Hollywood bigshots gave this startup founder the idea to write music with robots – Business Insider
When an amateur filmmaker wants to soundtrack a video, they just
pick one of their favorite songs and hope it doesn’t get zapped
with a copyright takedown.
But for professional content, like the web videos from
publications that are flooding Facebook, or for commercials,
that’s not an option. You need music that sounds good, that’s
appropriate for the video, and most importantly, is affordable to
That’s what Hollywood producers kept telling Drew Silverstein
when he worked as a composer with Hollywood composers like
Christopher Lennertz. Silverstein could write
music, but having a human write music is a long and expensive
process, which means it’s simply not practical for many
He’s one of the founders of
Amper Music, a startup writing software that
writes music when given a few descriptors — “dark and epic,”
or “happy classic rock.”
After feedback from producers, he decided to hunker down and
create a “creative artificial intelligence,” as he likes to call
“I built the algorithm initially in a massive Microsoft Excel
spreadsheet. It took forever, but it worked,” Silverstein told
Now Amper Music is a three-year old startup with a handful of
employees and seed funding from Brooklyn Bridge Ventures, Two
Sigma Ventures, and Advancit Capital, with a product that
generates an original song in a web browser in seconds, while
doing the algorithmic processing in the cloud.
And the music it writes sounds good — not so good you’d want to
listen to it on purpose, but more than good enough to soundtrack
a car commercial. Silverstein says Amper’s music has passed
“blind taste tests,” and listeners usually can’t tell that
it was made by a computer.
Listen for yourself: Here’s an example of a “dark epic” song
Amper’s algorithm wrote:
And here’s a song that might be better for a reality TV
Silverstein is aware that people might see his software as a
threat to working musicians. That’s not how he approaches it —
instead, he sees machine generated music as totally different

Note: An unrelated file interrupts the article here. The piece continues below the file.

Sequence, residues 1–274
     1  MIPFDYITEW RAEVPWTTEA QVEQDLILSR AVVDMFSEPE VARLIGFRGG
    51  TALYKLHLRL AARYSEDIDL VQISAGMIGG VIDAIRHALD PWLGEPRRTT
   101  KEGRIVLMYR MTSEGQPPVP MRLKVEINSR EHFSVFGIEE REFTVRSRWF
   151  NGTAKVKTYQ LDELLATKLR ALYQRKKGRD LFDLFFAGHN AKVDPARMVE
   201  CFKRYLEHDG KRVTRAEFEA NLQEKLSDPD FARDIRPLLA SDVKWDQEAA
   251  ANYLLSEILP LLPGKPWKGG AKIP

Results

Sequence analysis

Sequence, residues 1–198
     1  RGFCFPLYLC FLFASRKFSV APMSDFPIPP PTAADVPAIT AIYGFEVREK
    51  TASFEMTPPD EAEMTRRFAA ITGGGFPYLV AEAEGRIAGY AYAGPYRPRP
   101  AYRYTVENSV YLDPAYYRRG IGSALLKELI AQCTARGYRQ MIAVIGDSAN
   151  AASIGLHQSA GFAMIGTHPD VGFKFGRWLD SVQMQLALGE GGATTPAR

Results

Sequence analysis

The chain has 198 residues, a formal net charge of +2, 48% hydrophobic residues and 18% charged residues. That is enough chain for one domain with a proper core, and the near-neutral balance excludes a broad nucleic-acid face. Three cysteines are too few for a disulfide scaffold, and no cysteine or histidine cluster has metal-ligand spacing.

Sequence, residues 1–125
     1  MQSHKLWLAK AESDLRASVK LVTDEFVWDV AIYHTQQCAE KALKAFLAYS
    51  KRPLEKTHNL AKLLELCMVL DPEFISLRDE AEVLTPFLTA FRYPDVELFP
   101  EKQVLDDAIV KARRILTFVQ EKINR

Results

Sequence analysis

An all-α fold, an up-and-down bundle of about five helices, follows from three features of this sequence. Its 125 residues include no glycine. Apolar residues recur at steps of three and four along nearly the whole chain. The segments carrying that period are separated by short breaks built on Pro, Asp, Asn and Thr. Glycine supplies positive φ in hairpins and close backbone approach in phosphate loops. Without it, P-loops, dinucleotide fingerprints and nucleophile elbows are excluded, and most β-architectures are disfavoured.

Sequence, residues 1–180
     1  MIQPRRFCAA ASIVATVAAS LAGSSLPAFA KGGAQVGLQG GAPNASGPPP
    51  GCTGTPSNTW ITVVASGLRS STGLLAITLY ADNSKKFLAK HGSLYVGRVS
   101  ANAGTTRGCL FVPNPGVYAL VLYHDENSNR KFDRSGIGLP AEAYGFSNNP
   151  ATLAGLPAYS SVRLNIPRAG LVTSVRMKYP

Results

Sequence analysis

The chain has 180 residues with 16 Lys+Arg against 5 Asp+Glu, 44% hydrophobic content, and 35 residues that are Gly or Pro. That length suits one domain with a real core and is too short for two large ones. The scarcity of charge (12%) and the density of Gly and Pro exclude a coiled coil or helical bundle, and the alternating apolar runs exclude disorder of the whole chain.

from music written for expression.
He calls what his software writes “commodity music.” He thinks
that music valued for its end purpose, say, soundtracking a viral
video, won’t encroach on artistic space.
“Everyone at the company is a musician or audio
professional,” he explains, so his staff sees Amper as more of a
tool, for creators to use, as opposed to a push-button robot
threatening to take performers’ jobs.
The Amper web app allows a film maker or creator to set the
mood, style, and even emphasis points of a short song —
“basically, you can have the same conversation you could have
with Hans Zimmer,” a famous Hollywood composer, Silverstein says.
Press “render” and in minutes you’ll have a custom song you
can use freely. Silverstein won’t reveal too many details about
the algorithm that Amper uses to write its music, citing it as
the company’s main trade secret.
That’s because several other companies are trying to
replace stock music. Google recently revealed Magenta, a
open-source project that uses Google’s machine learning expertise
to create “compelling
art and music.” And British startup Jukedeck is working on
product as well.
Amper’s founder isn’t too worried about competition yet,
and sees it as a reflection that there’s a real demand for
custom, cheap, royalty-free music generated by creative
artificial intelligence. “Creative AI isn’t a mainstream
thing yet, but our peers and investors think it’s a big deal, and
it will be a big deal,” he says.